I have no idea what to do with this blog now that I’m no longer a Member of Parliament, but there is a residue that follows an election loss, and since I spent so much time posting my sentiments throughout the campaign it would only be fitting to wrap it all up with some kind of reflection. I’m likely too close to it emotionally right now, but it’s important to communicate what I’m struggling through.

It was expected by most that I would win and the media sent its staff to my campaign office to cover the victory party that wasn’t. It became clear as the evening progressed that the vote split between myself and the NDP was proving fatal. Yet I’d had something of a premonition of the outcome during the last few days of the contest. At doors I canvassed I kept hearing certain stories about how I spent too much time in Africa, or that my voting presence in the House wasn’t too impressive. When I informed them that I only spent one week a year on that continent (Sudan), and that I take it on my holiday time over New Years and on my own dime, I could sense the hesitation in their voice. “Oh … that’s not what we heard when the Conservatives phoned us last night.” Something that hadn’t been an issue heretofore was suddenly looming large in the final days. It was frustrating, but I didn’t know who to talk to. It was only when the election was over that a good Conservative friend informed me that they had actually been utilizing a central office for phone calls and that none of them emanated from London itself. They had poured big money from afar into influencing my riding. What I had thought to be a local campaign had suddenly taken on national dimensions.

I should have figured it out earlier. While the opponents from the other parties were front and centre in the campaign, the Conservative candidate had been AWOL, appearing at only one televised debate in the entire five weeks. Instead, the Conservatives opted for phone calls and signs – no replacement for flesh and blood candidates, but they were looking to win from a distance.

It’s hard to describe this. Across the country, news trickled in that Conservative candidates refused to be present at debates; what was supposed to be an exercise in local democracy had become a faceless excuse for a campaign. It’s never easy being so accessible, but all the other candidates believed it to be their democratic duty. Not the Conservatives, however.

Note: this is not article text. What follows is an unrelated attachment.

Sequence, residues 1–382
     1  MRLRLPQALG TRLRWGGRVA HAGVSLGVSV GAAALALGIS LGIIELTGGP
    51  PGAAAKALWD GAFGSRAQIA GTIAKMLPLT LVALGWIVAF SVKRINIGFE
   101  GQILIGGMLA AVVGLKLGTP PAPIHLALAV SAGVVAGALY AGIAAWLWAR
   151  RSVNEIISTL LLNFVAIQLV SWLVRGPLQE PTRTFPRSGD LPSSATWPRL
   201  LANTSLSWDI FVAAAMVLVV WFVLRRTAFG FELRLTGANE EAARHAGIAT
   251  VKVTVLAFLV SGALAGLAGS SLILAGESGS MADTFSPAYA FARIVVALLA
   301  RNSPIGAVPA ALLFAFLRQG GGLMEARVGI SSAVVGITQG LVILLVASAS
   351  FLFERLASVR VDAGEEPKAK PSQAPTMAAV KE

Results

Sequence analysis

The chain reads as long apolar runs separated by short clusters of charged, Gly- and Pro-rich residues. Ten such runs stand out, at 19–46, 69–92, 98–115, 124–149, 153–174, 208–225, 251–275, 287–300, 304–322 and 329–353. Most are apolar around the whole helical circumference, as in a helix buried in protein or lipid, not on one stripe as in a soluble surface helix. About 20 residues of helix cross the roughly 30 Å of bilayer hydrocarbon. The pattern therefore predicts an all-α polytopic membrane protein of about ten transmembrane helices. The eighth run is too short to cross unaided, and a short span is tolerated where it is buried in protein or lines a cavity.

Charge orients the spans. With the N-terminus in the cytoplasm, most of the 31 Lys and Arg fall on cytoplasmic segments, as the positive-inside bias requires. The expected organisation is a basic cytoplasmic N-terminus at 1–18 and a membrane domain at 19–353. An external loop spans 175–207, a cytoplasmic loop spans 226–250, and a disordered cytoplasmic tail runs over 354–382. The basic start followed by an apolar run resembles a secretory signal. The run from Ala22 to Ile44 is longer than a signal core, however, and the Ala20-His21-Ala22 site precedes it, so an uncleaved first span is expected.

And so between all the phone calls, the last-minute Conservative signage inevitably put up in front of my signs, and the vote split with the NDP, I narrowly lost. Not desirous to wait for my defeat to be finally called, I opted to speak prior to that to concede. People were devastated, but my wife and I realized we had to be there for them in what was obviously a difficult time – we were sanguine while they were crushed. I had been portrayed as the accessible candidate, one who worked well with other parties and who was a community activist. Many saw me as the anti-politician, someone who put community before partisanship. But when these supporters saw that a faceless Conservative candidate had triumphed while having refused to face the public in campaign venues, it was difficult to comprehend. Their massive phone blitz had the effect the government was looking for, and the NDP-Liberal split did the rest.

It was the next day that my wife and I fell into a deep sadness. Politics and I never fit together very well, but suddenly some 460 emails, tweets and messages started to arrive from people who had admired that I hadn’t fit into the Ottawa scene very well and wanted to see politics itself change. Somehow, all those people who had wanted fundamental change got it, although not in the fashion they were seeking – instead of getting rid of a dispiriting Conservative minority, they received a majority instead. The messages coming in were brutal in their despondency – people who stated they were giving up on the system. “If politics doesn’t have room for someone like Glen Pearson,” one Facebook friend stated, “then there’s no room for the rest of us.” It was sad and there were tears.

I actually don’t know quite what to tell these folks, for I too am disillusioned. And yet I am free at last – back to the food bank, my Africa works, wife, children and friends. These poor folks, however, are caught in an downdraft of despair over the Canada they thought they knew. They are checking out and in that very act are confirming what the Harperites had always cherished: a voter suppression that would sustain them in power. And I am dealing with the reality that within that kind of political system there is no room for … me. That is a sad reality in a sad time.